Market-based visas will affect migrants both who successfully crossed into the US and those who failed along the way. As noted before, black markets tend to segregate participants into clear 'winners' and 'losers'. Winners earn above market rates, and losers are victimized with virtually the entire spectrum of human suffering and misery. Markets, by contrast, tend even out results, and money paid tends to be proportional to benefits gained. Thus, the biggest single gain from moving to market-based visas will be a massive reduction in harm to those who failed to enter the US.
Migrants who failed to enter the US
Market-based visas end predation first by taking migrants out of risky situations, and second, by facilitating protection by the authorities. Thus, for example, in a market-based system, a migrant would have no incentive to come through the desert. A visa could be purchased at any time, and if the visas were sufficient to cover the market, then employment without a visa would become problematic. Therefore, we would expect desert crossings to fall by 95% or more, and trans-Mexico crossings to fall by perhaps 80% (some Central American migrants would still seek to work in Mexico, not the US).
Rapes should accordingly fall by 99%, as women gain a ready, controlled way to enter the US. Kidnappings and extortion of migrants should fall by 90%. Assaults and robberies should fall by 85% or so, as migrants are able to use modes of transportation with both the protection of large numbers of passengers and which are protected by police.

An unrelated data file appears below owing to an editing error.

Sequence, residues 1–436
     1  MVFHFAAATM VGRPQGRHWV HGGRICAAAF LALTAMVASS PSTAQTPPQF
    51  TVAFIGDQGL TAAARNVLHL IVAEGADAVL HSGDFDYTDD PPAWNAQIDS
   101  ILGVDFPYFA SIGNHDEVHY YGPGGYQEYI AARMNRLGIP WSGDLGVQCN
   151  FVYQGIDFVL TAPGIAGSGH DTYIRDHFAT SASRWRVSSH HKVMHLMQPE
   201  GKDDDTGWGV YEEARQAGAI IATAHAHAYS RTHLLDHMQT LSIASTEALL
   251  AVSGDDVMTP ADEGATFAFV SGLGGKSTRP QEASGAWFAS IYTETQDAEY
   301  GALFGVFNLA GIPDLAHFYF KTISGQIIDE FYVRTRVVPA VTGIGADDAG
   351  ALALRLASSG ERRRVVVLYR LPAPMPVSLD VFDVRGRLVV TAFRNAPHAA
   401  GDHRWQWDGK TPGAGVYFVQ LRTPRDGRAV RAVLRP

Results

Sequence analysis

The number of deterred crossers should fall to near zero, as migrants will either have the funds to buy a visa, or they will not. If they do not, coming to the US will make little sense, as there will be few jobs on offer.
Arrests at the border should fall by perhaps three-quarters, but probably not more. In a market-based system, dangerous criminals will be excluded from those eligible for visas. This group, about 20,000 persons per year, will continue to try to cross through the desert. The number of drug smuggling events should fall accordingly, with the proviso that these volumes are likely to find their way into the US through different routes.
And of course, border removals should drop from around 500,000 to perhaps 30,000 for the US and Mexico combined.
Overall, a market-based visa program should reduce adverse migrant events by perhaps 90%, or a bit more with some luck.
Migrants working in the US
As noted before, the average migrant already resident in the US is likely to be indifferent between a visa fee of $3.50 and the current state of affairs. Again, however, black markets tend to produce a wider range of winners and losers. For those earning below the median, a market-based structure will prove a big step up. Further, the market price of the visa, as it is set by the marginal migrant, should be substantially lower than the visa value, in which event perhaps three-quarters of migrants will be better off.
Even for those who see a higher net burden -- and these will tend to be those with the most stable employment -- should benefit from increased earnings opportunties. A study conducted five years after the Reagan amnesty of 1986 showed that those who had received amnesty had been able to step up materially in their careers and earnings. We should see a repeat of such an outcome in this case as well.
Most will benefit
Overall then, virtually all of those seeking entry into the US for work should benefit from a visa system. Perhaps three-quarters of those already working in the US should benefit, and a majority of the remainder should benefit over the following few years. In the end, well over 90% of current and future migrants should benefit from a market-based visa system.